As you hear all the attacks on Paul Ryan and his budget plan from the Obama campaign and their media promoters, ask yourself one question: What in the world did Ryan have to gain with his budget proposal?
The answer is nothing personally. He hardly could see it would propel him to be a vice-presidential nominee. In fact, he had much to lose by proposing it.
Conventional wisdom dictated then — and by the reaction of the Obama campaign to Ryan as Mitt Romney‘s VP candidate, still dictates today — that it is political suicide to go after America’s entitlement programs. They are a “third rail” of American politics, not to be touched by any politician who wants to remain in office. That’s especially true for a Republican like Ryan who comes from a swing district that backed President Obama in 2008.
But Ryan took on America’s entitlement problems anyway, particularly Medicare, because he knew if the programs weren’t addressed they would crush America’s finances and bankrupt the country. He didn’t say his plan was perfect. He was willing to work with other serious colleagues on both sides of the aisle to make it better. In fact, he reworked his Medicare reform with liberal Oregon Democratic Sen. Ron Wyden to improve on an earlier version.
But in the end, so few on the Democratic side came to the table.
So, yes, it is easy to nitpick Ryan’s plan. Could it use tweaks? Sure. Could some of his assumptions be off? Quite possibly. But remember: Unlike most of his criticizers in government, he has a plan — one that even former Clinton White House Chief of Staff Erskine Bowles considers very serious.
The term for what Ryan has done used to be “leadership,” though I suppose leadership is now known as radical in some circles. And to some, Ryan’s leadership somehow makes him a “political coward” and a “murderer of opportunity,” as one particularly unhinged writer spewed in Esquire. But those racing to criticize Ryan and his budget plan should ask themselves why their favorite rep hasn’t put together a serious plan that deals with America’s looming crisis.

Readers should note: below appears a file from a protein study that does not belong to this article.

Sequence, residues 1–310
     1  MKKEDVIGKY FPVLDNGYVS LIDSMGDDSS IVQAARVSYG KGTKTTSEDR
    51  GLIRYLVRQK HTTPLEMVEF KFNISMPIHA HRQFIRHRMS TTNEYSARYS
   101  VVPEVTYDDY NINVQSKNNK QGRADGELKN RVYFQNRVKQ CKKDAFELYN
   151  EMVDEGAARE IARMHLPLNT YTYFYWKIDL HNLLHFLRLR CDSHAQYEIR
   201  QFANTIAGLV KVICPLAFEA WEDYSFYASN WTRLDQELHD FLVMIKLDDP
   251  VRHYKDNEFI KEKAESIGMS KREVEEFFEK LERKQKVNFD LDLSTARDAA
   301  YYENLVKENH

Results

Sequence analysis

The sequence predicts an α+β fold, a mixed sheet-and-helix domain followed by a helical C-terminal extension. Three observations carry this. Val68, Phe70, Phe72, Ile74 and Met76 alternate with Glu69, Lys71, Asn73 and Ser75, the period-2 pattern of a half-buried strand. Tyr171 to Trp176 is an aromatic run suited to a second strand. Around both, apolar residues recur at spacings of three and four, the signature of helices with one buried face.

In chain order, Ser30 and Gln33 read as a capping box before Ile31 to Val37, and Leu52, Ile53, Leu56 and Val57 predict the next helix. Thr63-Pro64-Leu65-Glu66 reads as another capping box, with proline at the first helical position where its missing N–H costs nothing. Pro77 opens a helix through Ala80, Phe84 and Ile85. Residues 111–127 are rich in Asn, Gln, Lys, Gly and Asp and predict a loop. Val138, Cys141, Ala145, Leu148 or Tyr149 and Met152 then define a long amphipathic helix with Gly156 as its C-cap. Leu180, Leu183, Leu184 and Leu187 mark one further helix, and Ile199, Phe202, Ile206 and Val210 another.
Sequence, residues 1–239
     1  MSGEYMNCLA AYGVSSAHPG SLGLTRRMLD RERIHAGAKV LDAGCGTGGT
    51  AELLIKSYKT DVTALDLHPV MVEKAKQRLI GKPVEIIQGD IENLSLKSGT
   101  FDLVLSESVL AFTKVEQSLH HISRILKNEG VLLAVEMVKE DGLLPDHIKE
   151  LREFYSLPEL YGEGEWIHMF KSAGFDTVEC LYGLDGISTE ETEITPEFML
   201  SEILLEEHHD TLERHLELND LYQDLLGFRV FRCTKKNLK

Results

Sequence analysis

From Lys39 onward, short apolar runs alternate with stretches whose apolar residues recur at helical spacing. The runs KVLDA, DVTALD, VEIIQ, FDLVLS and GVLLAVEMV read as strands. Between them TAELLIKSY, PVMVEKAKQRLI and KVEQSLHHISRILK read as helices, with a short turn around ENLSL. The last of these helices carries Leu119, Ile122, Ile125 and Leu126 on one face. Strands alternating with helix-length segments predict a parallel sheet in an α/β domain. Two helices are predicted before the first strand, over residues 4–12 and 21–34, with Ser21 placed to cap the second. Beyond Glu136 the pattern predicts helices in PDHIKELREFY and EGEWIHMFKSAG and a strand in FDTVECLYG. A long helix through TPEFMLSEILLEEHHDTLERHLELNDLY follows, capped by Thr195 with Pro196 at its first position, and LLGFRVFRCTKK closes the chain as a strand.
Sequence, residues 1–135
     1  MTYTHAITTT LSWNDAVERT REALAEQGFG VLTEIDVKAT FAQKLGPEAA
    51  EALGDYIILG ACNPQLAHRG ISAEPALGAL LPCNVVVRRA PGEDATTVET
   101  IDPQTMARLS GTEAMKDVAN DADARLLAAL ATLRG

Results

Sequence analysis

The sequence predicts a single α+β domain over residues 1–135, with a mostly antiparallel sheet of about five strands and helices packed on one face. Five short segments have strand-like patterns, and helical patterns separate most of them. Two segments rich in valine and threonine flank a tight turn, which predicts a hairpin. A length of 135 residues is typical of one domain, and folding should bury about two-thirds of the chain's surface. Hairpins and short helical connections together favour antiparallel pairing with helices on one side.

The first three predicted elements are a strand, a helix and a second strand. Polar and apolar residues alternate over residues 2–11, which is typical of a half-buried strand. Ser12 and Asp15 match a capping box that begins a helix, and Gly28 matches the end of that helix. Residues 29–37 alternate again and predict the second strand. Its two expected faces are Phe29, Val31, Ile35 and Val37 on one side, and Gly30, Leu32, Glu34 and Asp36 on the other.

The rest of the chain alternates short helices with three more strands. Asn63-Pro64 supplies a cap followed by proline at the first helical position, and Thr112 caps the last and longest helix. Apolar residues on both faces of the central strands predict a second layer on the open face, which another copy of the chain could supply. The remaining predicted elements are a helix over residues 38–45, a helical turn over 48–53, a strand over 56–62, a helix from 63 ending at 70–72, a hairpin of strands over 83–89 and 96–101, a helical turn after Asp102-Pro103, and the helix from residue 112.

And what about President Obama?
When Obama’s Treasury Secretary Tim Geithner appeared before Ryan’s budget committee this year to discuss Team Obama’s preposterous budget proposal — so unworkable and unpopular that it attracted precisely zero votes in the House and Senate — Geithner admitted the president had no plan to deal with America’s tens of trillions of unfunded liabilities embedded in Medicare, Medicaid and Social Security.
“We’re not coming before you today to say we have a definitive solution to that long term problem,” Geithner stammered when pressed by Ryan and confronted with a chart that showed America’s finances hurtling off a cliff, based on Obama’s a budget.
“What we do know is we don’t like yours.”
And that, ladies and gentleman, sums up President Obama’s idea of leadership. The word “pathetic” comes to mind, especially after more than three years in office. Explain, again, why the guy who came up with a plan is the villain?
In 2008 Obama mesmerized crowds promising to bring hope and change. But his hope and change was superficial, and often undefined. Ryan, in contrast, embodies real hope and change. Unlike Obama, he’s not a Tony Robbins of politics, a self-help barker telling Americans, “We are the ones we’ve been waiting for.”
Ryan offers specifics: a change in the way our entitlements are structured and the way we view government. And the hope embedded in this change is that America will be able to thrive, economically and internationally.
Yes, within Ryan’s proposal for change is the promise that the American Age doesn’t have to die, that Pax Americana is not yet over, that there is no reason the 21st century can’t be like the 20th century, another prosperous American century.
But in order for it to be so, we have to make some choices — choices that look difficult, but shouldn’t be.
Option one is President Obama’s path of irresponsibility. Along this path, all the government goodies will remain, but only temporarily. Ultimately it leads to destruction, the crash and burn of our economic system and the transformation of America into a far lesser version of the America we have come to know and love.
The other option is the Ryan path, whether his precise plan or some variation of it. His path faces our fiscal problems head-on, changes our course and gives us the opportunity to thrive. That path doesn’t end Medicare and Social Security, as the Democrats will demagogue; it reforms them and, yes, cuts back some of the giveaways. But without such reform, the giveaways go away anyway. It’s just a matter of when.
Until Ryan joined the ticket, the presidential campaign was rather unexciting. In one corner was President Obama, who had not put on paper a plan to face our great and foreseeable fiscal calamity during his three-plus years in the White House. In the other corner was Mitt Romney, who while laudable in many respects, seemed cautious when our moment demands boldness.
But Romney made the choice to go big. We can now have a real election with real differences and real choices. But it is up to Team Obama to embrace the seriousness of the moment and to accept the challenge to debate, not demagogue. Let us hope they do so.